Of all of the pulps, only Alfred Hitchcock’s Mystery Magazine made it a point to glom onto the
Christmas theme every year.*2 Pulps did not shy away from other holidays or seasonal themes.
Valentine’s Day and Halloween were widely presented across many genres.
Some attempts were poorly executed. Christmas Cthulhu, anyone?
Pulp magazines were indulgences people generally bought for themselves. The idea of enticing a
stray Christmas shopper into an impulse buy for personal consumption did occur to publishers on
occasion. Especially when it came to certain types of magazines.
Just as they had created or contributed to
many genres, the pulps invented
.*3  This was their only real lasting
contribution to the yuletide season. As pulp
magazine legacies go, it’s fairly typical.

Beyond genre, there were other reasons the
pulps stayed away from Santa Clause. Pulps
were not very high mark up items. The same
retailers and distributors who handle pulps
are also dealing in high mark up seasonal
items, which have a very limited sales time
frame. Knowing that they were going to get
crowded out, many pulps suspended
publication, putting out a single issue to
cover the period from Thanksgiving through
New Years. This is why even the most
frequent pulp is likely to only put out ten
issues a year. Pulp magazines also require
the consumer’s undivided attention,
something that is likely to be in short supply
during the season. Just as newspapers cut
back to avoid impacting circulation, cutting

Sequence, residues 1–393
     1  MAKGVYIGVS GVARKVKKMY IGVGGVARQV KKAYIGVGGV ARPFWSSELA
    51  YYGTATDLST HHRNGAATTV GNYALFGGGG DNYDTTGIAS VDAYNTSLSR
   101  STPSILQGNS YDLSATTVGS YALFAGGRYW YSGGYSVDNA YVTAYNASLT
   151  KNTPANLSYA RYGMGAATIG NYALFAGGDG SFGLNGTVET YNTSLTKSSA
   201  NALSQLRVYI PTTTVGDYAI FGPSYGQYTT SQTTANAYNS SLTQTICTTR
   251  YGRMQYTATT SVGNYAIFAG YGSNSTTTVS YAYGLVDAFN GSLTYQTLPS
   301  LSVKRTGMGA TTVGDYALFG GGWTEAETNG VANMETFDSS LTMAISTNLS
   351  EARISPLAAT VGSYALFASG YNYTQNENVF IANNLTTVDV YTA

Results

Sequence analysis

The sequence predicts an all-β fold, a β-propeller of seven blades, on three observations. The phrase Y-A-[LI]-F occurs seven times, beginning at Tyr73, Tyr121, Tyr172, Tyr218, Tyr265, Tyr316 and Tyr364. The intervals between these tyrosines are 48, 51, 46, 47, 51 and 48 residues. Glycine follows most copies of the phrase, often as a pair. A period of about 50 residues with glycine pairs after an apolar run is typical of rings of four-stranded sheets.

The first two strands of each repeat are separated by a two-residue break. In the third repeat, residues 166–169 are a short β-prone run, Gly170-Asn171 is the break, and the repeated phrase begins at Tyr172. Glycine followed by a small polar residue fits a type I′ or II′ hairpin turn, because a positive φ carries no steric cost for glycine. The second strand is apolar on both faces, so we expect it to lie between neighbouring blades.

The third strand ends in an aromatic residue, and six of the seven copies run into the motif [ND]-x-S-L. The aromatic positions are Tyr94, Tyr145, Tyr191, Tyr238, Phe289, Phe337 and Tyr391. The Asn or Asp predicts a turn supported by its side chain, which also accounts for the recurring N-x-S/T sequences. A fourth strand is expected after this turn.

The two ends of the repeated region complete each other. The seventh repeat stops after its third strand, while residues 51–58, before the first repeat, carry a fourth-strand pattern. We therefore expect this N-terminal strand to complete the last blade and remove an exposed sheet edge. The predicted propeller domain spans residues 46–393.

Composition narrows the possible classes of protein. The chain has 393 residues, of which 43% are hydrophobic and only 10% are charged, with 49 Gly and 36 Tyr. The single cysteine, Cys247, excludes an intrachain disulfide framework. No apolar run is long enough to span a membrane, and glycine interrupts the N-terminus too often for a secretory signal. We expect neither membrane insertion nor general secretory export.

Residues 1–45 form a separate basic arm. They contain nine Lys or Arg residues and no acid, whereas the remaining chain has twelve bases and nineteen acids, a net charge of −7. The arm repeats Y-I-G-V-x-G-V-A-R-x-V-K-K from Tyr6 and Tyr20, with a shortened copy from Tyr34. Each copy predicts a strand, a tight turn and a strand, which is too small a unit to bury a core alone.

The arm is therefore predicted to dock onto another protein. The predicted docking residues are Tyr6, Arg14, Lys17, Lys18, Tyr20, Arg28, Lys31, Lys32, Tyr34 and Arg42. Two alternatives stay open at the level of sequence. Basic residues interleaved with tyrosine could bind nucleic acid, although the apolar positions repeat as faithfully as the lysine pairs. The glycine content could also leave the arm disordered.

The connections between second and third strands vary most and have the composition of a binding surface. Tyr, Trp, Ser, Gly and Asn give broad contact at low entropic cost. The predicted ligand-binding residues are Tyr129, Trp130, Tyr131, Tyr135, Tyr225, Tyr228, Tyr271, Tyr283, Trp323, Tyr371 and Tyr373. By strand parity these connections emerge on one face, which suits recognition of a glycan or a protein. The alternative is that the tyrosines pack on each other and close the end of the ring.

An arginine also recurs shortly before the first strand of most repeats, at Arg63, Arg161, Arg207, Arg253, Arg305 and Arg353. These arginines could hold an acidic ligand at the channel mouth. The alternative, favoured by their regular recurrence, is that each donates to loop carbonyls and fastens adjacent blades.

or combining an issue isn’t likely to reduce
your monthly sales averages. Finally, many
pulps weren’t very frequent. The majority of
the niche titles, which is the majority of the
titles from 1930 onward, have taken a cue
from the Dime Novels and dated themselves
months, sometimes years ahead of their
actual date of publication. This was an
attempt to extend their shelf lives, to fool the
retailer into displaying the magazine for
months. For most of us, Santa’s smiling face
means many happy returns. For the retailer,
Santa’s face on an unsold anything means
that it gets shipped back January 1st. wishes you all the best of
the season. Merry Christmas!

*1. From 1940 to the mid 1960s romance
titles were the majority of the pulp magazine
industry. They were almost always monthly
and many of them twice weekly. Unless a
romance title was in a specific niche, such
as Gangland Romance or Strange Love
Crimes, they were likely to turn over very
quickly. Thus they had no fear of becoming
attached to seasonal themes. The same
cannot be said for other pulp magazines.

*2. Alfred Hitchcock’s Mystery Magazine has
since discontinued this theme as they have
the practice of placing the director’s face on
every issue. The magazine is still being
published today. Although it is a digest, I
consider it in the pulp era.

*3. In all likelihood, they borrowed it from
Burlesque. There is a lot of cross over
between the production of a girlie show and
the production of a girlie magazine. Who is
influencing who is often a matter of
speculation, however I highly doubt the
stripper pictured here came up with an elf
suit just for this shoot. 10 Story Book was a
pulp magazine which eventually became
smut. This issue is from 1938.
Although not quite as regular as Alfred Hitcock's, Galaxy Science Fiction jumped on the old
Saint Nick marketing wagon each and every time an edition was put out during the Yuletide.
Fellow SF digest Universe also made at least one crack at it. For some reason the peddler
of Science Fiction seemed more willing to embrace the season of giving.